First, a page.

(PRWEB) December 08, 2015
Lexington, KY: “The tenth anniversary of the Taum Sauk dam failure serves as a reminder of the very real need for constant vigilance in dam safety,” said Lori Spragens, Executive Director of the Association of State Dam Safety Officials.
In the early morning hours of December 14, 2005, the Taum Sauk Upper Reservoir Dam failed, sending a destructive wall of water through Johnson’s Shut-Ins State Park, one of Missouri’s most popular recreational areas. Fortunately, no one was killed by the torrent, but it demolished the home of Park Superintendent Jerry Toops, and swept him, his wife Lisa, and their three young children into a patch of trees about a quarter mile from where their home once stood. Two truck drivers crossing the highway below the dam also narrowly escaped with their lives. (Southeast Missourian, 12/15/05 - http://www.semissourian.com/story/1131499.html)
Situated on top of Proffit Mountain in southeast Missouri, the Taum Sauk Upper Reservoir was one of two reservoirs comprising a pumped storage hydroelectric energy center owned and operated by Ameren Missouri. The upper dam failed when instrumentation that regulated water flow into the upper reservoir malfunctioned, causing excess water to be pumped into the reservoir until it overtopped.
As the 55-acre reservoir washed over the dam, a 680 foot-wide section of the earthen embankment failed suddenly, releasing a 40 to 50 foot-high wall of water down the mountainside, stripping vegetation and soil down to the bedrock. The floodwaters inundated State Highway N, pushed vehicles from the road, ripped apart the occupied home of the state park superintendent, and covered the state park campground—fortunately empty at the time of the failure—with up to 40 feet of water. The combination of water and sediment caused significant property and environmental damages to the park and limited recreational uses of the Black River for months.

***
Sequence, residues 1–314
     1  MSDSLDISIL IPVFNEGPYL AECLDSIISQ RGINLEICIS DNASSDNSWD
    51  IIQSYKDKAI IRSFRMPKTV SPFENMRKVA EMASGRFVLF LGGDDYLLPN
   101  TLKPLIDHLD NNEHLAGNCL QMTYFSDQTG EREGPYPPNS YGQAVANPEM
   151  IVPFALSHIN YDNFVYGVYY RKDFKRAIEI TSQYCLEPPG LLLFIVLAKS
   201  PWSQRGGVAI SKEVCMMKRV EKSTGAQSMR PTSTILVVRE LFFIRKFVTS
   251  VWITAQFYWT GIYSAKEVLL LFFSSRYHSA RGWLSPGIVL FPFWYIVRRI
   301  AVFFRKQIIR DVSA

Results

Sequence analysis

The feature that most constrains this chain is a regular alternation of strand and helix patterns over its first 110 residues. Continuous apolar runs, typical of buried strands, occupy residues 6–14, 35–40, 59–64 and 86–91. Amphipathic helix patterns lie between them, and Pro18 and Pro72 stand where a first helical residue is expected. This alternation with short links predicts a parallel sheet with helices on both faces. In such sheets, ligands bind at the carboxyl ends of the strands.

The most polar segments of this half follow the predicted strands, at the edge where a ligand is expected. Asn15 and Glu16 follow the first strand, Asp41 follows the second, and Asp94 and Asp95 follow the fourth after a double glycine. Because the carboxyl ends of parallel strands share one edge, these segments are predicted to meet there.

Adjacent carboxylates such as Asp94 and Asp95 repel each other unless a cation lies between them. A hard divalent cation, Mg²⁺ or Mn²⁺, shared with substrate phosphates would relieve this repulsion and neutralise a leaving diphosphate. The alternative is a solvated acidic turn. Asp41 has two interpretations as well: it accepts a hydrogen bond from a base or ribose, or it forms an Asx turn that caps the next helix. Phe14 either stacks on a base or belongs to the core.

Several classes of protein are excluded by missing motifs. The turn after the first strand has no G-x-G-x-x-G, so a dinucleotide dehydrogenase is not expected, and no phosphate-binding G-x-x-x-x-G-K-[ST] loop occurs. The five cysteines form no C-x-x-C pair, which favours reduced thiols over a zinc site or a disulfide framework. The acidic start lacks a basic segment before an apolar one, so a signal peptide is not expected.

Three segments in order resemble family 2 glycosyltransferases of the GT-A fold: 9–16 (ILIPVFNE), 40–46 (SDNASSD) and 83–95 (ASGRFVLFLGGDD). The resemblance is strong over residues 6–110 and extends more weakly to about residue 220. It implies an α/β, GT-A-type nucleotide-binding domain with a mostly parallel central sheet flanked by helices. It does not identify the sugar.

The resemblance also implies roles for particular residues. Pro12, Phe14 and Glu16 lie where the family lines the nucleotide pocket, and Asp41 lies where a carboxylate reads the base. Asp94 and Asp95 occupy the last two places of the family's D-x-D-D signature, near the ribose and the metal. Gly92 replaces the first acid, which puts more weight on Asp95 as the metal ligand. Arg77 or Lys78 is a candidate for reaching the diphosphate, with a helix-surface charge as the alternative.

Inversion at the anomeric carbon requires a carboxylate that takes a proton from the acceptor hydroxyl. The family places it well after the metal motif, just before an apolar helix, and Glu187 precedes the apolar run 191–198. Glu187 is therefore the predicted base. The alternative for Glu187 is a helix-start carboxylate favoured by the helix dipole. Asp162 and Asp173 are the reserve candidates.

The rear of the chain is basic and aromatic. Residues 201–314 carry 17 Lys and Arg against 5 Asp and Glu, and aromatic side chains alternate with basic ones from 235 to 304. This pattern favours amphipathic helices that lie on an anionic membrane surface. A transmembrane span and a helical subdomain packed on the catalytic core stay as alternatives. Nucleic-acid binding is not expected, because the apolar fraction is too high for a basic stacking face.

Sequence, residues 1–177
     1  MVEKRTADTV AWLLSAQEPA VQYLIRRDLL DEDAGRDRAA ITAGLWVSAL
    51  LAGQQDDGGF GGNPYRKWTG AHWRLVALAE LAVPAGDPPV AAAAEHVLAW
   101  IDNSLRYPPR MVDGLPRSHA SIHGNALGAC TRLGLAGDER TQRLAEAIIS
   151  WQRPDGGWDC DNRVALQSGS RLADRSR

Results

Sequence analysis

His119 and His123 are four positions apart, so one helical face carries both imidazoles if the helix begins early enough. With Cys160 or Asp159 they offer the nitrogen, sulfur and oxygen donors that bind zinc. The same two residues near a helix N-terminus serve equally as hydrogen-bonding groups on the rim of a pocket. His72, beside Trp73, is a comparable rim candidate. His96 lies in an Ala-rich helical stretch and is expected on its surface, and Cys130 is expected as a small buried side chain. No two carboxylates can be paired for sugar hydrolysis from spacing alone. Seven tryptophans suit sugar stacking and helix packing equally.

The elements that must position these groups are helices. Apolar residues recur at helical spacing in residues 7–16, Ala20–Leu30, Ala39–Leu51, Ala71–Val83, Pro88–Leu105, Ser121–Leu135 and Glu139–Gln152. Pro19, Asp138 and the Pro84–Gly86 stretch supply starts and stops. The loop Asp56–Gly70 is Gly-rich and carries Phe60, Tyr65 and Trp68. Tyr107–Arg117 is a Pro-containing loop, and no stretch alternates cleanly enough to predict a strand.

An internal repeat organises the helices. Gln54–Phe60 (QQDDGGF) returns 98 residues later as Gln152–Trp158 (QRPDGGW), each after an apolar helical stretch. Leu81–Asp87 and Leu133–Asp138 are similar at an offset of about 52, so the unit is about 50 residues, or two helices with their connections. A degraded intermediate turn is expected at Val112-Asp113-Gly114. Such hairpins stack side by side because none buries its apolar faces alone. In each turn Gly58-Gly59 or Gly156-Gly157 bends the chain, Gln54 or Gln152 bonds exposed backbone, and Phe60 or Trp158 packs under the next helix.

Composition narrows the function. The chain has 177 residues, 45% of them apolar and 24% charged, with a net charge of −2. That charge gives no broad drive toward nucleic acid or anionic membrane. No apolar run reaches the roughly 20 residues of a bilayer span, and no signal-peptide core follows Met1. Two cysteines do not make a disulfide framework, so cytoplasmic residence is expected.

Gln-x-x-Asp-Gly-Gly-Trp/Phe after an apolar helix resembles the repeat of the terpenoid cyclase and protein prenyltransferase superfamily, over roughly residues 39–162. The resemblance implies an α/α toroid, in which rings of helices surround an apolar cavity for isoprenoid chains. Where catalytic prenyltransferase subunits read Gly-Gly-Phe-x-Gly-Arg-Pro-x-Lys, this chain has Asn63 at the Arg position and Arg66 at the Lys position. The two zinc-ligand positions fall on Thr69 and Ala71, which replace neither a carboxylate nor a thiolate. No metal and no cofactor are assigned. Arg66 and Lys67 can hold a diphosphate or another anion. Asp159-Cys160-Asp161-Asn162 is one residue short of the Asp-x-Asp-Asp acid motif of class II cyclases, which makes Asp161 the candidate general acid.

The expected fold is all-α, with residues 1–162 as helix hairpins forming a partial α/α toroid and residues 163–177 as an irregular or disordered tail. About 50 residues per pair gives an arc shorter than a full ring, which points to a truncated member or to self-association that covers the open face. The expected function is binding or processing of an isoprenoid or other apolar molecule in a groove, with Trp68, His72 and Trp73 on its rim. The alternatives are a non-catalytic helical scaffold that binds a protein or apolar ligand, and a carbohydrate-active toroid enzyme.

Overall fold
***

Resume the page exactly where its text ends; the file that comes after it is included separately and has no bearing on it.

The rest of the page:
“This dam failure is a prime example of an event that could have been much worse. Had it not occurred in the winter, dozens of campers would likely have been killed; likewise, had it not occurred in the early morning hours, additional vehicles would likely have been on the highway that flooded. The Toops family and the two truckers swept from the road were extremely fortunate to have survived,” said Spragens.
While the people caught in the flood have recovered from their injuries, Johnson’s Shut-Ins State Park suffered permanent environmental damages. In a settlement reached nearly two years after the failure, the dam owner agreed to pay $177.35 million to the State of Missouri for loss of tourism revenues and damages to park lands and natural resources. (Ameren, 11/28/07 - http://ameren.mediaroom.com/index.php?s=43&item=408)
Ameren incurred additional expenses rebuilding the dam, which now incorporates multiple redundant systems to ensure that a repeat of the overtopping event never occurs.
“Dam maintenance and upgrades cost a lot,” said Spragens, “but they are much less expensive than cleanup, repairs, and restitution following a dam failure.”
The Association of State Dam Safety Officials (http://www.damsafety.org) is a national, non-profit organization dedicated to improving dam safety through research, education and communication. In conjunction with the Federal Emergency Management Agency, ASDSO created a set of two “Living With Dams” booklets—“Know Your Risks” and “Extreme Rainfall Events”—to explain how individuals can learn more about dams in their communities and how communities can prepare for extreme rainfall events. Both are available at http://www.livingneardams.org.